“So what?” he said several times, lining up concerns like the mountain of public opposition to the plan and other points only to knock them down with a “So what?”
Judge Matthews answered by striking down the East Anchorage Senate pairings and the Skagway/Juneau map, finding the Alaska Redistricting Board had failed to uphold the trust of the public, failed to act fairly and failed properly weigh public testimony that the board is required to listen and collect as part of its constitutional duties.
“Member Simpson’s myopic focus on the single criteria of compactness (doesn’t) constitute reasonable explanations for ignoring public testimony. The board had multiple options available that would have satisfied both Skagway’s and Juneau’s reasonable requests, and Skagway has shown at trial that those requests can still be accommodated without affecting the boundaries of any other districts. More than anything, the board’s closing argument does little to instill confidence. To each of Skagway’s points, the board replied: ‘So what?’ This is not the response the people should expect to receive from the public entity in charge of redistricting and constitutionally required to hold public hearings. Nor is this response indicative of a rational decision-making process. Skagway’s unsuccessful trial arguments aside, the board is nonetheless obligated to make a good-faith attempt to incorporate the public testimony of Alaska citizens. It simply did not.”
Revisiting Judge Matthews’ order with a bit more sleep and some time to discuss the ruling has been enlightening. It is a remarkable piece of work that sets a clear and well-reasoned standard for why the board—a public entity entrusted to overseeing the establishment of the state’s voting districts in an ostensibly fair and even-handed manner—should be held accountable. In it, Judge Matthews has looked at the board’s arrogance, their belief that they are somehow above accountability to the public, and delivered a stinging rebuke that will, frankly, make the process that much fairer for the future. And this standard of heightened importance for public testimony isn’t just for public testimony’s sake but a path to establish fair maps.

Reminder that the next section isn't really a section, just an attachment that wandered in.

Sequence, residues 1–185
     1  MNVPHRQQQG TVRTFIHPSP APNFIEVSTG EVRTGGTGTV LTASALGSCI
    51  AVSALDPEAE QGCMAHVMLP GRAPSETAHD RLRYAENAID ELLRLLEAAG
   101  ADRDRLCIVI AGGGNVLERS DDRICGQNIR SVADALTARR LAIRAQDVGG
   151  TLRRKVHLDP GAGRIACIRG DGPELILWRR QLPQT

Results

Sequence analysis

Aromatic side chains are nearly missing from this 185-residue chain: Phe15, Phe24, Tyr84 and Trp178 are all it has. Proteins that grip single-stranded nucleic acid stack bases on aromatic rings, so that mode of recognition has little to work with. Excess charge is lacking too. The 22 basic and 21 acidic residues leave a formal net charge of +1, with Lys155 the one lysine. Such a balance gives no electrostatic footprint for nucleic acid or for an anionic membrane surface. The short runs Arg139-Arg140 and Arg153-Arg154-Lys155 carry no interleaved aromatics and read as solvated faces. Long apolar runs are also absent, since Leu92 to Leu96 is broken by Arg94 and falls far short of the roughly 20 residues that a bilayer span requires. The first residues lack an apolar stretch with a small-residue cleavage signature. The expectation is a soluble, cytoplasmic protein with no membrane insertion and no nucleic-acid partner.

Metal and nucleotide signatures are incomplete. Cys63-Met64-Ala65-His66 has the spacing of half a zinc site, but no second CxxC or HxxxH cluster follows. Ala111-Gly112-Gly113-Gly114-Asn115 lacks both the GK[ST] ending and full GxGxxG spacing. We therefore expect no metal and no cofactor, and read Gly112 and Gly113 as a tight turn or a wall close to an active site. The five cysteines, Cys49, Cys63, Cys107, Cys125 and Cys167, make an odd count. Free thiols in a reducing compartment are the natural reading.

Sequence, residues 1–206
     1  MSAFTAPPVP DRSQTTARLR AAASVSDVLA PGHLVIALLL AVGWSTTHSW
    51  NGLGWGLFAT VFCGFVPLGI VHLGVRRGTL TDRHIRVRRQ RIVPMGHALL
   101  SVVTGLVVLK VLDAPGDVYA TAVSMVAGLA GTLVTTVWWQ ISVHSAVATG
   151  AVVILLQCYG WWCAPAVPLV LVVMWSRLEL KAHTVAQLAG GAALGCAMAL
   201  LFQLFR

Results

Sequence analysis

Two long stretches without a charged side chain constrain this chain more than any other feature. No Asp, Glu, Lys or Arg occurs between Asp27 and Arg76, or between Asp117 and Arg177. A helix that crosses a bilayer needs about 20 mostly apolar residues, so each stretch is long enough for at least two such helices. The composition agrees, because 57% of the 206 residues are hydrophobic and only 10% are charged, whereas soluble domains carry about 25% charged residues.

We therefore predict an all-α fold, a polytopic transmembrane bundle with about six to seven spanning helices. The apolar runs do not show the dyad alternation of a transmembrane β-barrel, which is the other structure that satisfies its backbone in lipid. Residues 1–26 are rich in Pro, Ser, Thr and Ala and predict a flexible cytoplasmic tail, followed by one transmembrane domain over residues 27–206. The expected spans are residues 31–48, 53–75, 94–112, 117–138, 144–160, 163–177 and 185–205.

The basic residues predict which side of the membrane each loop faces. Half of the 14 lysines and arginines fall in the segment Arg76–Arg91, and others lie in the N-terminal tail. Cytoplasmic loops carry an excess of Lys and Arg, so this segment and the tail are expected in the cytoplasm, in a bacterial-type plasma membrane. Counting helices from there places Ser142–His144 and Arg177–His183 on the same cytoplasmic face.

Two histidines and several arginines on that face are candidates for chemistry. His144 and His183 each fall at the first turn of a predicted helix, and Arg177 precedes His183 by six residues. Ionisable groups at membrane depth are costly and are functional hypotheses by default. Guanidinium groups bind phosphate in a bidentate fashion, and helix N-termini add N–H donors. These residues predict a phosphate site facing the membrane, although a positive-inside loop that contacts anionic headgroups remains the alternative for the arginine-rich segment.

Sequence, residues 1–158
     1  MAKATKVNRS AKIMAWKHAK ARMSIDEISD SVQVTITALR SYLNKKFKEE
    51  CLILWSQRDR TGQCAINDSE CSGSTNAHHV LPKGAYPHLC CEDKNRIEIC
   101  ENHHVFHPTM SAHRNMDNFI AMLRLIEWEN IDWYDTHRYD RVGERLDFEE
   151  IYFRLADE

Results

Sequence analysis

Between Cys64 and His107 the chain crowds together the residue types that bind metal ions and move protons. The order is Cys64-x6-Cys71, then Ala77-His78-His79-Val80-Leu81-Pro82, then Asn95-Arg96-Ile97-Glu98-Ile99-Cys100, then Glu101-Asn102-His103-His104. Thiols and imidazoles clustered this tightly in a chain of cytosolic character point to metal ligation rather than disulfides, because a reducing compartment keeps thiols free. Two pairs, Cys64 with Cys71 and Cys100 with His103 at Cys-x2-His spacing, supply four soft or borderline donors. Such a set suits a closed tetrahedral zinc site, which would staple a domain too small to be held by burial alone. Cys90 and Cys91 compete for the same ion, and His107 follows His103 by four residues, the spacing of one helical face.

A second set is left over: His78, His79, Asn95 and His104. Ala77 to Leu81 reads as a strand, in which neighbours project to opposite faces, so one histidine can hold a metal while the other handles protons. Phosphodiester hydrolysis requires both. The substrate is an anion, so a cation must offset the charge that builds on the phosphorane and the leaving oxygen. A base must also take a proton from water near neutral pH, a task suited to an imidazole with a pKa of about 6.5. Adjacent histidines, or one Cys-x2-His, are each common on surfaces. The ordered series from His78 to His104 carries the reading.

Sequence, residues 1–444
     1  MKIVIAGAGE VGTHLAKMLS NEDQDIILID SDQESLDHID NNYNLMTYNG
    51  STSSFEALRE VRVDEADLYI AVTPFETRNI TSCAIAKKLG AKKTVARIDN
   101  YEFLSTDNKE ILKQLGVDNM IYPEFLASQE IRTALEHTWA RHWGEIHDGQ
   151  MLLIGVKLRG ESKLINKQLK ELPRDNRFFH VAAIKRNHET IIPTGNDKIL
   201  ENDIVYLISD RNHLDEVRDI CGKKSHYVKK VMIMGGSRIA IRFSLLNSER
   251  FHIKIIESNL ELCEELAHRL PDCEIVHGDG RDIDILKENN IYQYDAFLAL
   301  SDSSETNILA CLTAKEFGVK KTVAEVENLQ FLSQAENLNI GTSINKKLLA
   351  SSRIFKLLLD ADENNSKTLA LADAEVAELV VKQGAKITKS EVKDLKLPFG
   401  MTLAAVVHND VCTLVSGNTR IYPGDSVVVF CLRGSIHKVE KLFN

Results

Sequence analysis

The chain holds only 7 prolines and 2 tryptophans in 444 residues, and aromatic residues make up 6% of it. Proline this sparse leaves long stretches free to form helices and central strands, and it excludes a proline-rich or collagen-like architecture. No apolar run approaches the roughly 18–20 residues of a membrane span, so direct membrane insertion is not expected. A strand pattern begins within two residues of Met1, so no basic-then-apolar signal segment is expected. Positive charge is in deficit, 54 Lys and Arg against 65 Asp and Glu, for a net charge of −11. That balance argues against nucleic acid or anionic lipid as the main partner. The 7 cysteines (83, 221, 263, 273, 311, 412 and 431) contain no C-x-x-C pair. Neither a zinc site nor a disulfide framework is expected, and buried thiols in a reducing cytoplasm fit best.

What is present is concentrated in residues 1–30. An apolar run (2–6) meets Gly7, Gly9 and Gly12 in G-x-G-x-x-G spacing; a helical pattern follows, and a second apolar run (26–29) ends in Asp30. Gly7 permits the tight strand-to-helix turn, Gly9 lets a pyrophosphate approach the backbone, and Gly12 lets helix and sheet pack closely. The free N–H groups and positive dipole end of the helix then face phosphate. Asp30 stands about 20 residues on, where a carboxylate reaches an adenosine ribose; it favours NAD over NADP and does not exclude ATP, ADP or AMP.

“In this court’s view the board is required to seek a balance among constitutional criteria rather than assigning any one factor predominate weight. The board must resolve redistricting conflicts by determining what is the ‘fairest’ resolution for the people. The board is ‘not given wide discretion’ and its decisions must be informed by ‘public opinion.’ Rather than drawing districts based on individual prerogatives, the board must make a good-faith effort to harmonize both ‘The greater good of the state’ and the desires of each community ‘to the greatest extent possible.’”
And he said it’s improper for the board to elevate its own personal opinions above the clear input of the public. That Member Simpson conceded that he was appointed because he’s one of the few Republicans in Southeast Alaska was not lost on Judge Matthews nor was his dismissal of public testimony, which would effectively render any and all public input moot.